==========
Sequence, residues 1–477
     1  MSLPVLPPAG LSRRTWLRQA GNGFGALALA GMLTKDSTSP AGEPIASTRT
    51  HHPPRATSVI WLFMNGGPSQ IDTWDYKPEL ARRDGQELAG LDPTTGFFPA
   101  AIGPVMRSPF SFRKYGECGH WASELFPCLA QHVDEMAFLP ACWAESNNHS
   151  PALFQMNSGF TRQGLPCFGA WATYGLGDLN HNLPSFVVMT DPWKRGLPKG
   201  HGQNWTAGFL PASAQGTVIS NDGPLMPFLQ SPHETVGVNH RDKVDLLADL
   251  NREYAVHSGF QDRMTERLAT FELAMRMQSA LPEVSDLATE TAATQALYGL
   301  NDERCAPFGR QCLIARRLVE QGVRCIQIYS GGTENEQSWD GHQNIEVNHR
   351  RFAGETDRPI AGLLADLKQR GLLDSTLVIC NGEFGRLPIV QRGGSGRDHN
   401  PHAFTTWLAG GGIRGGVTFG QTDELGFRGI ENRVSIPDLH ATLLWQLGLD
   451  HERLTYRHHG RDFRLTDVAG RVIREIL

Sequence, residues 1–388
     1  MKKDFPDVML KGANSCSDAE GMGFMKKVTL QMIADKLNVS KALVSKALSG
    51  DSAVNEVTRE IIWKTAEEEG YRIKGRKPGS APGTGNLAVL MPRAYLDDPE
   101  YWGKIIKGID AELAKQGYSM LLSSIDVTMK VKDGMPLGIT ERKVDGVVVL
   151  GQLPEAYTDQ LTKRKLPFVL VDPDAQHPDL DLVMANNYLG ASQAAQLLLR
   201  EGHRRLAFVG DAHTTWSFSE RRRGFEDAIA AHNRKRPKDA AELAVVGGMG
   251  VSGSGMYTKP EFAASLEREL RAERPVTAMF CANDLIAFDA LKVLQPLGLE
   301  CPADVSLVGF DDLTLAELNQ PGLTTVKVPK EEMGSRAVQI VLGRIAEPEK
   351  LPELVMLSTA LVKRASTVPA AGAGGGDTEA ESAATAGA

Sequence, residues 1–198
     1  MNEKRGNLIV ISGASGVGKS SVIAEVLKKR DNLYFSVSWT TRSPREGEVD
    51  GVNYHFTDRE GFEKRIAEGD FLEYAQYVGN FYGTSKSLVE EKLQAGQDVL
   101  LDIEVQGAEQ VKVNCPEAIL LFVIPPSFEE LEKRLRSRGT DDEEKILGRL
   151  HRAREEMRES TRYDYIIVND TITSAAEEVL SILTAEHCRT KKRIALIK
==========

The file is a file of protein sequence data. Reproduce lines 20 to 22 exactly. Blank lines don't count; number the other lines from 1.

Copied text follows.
   351  LPELVMLSTA LVKRASTVPA AGAGGGDTEA ESAATAGA

Sequence, residues 1–198
     1  MNEKRGNLIV ISGASGVGKS SVIAEVLKKR DNLYFSVSWT TRSPREGEVD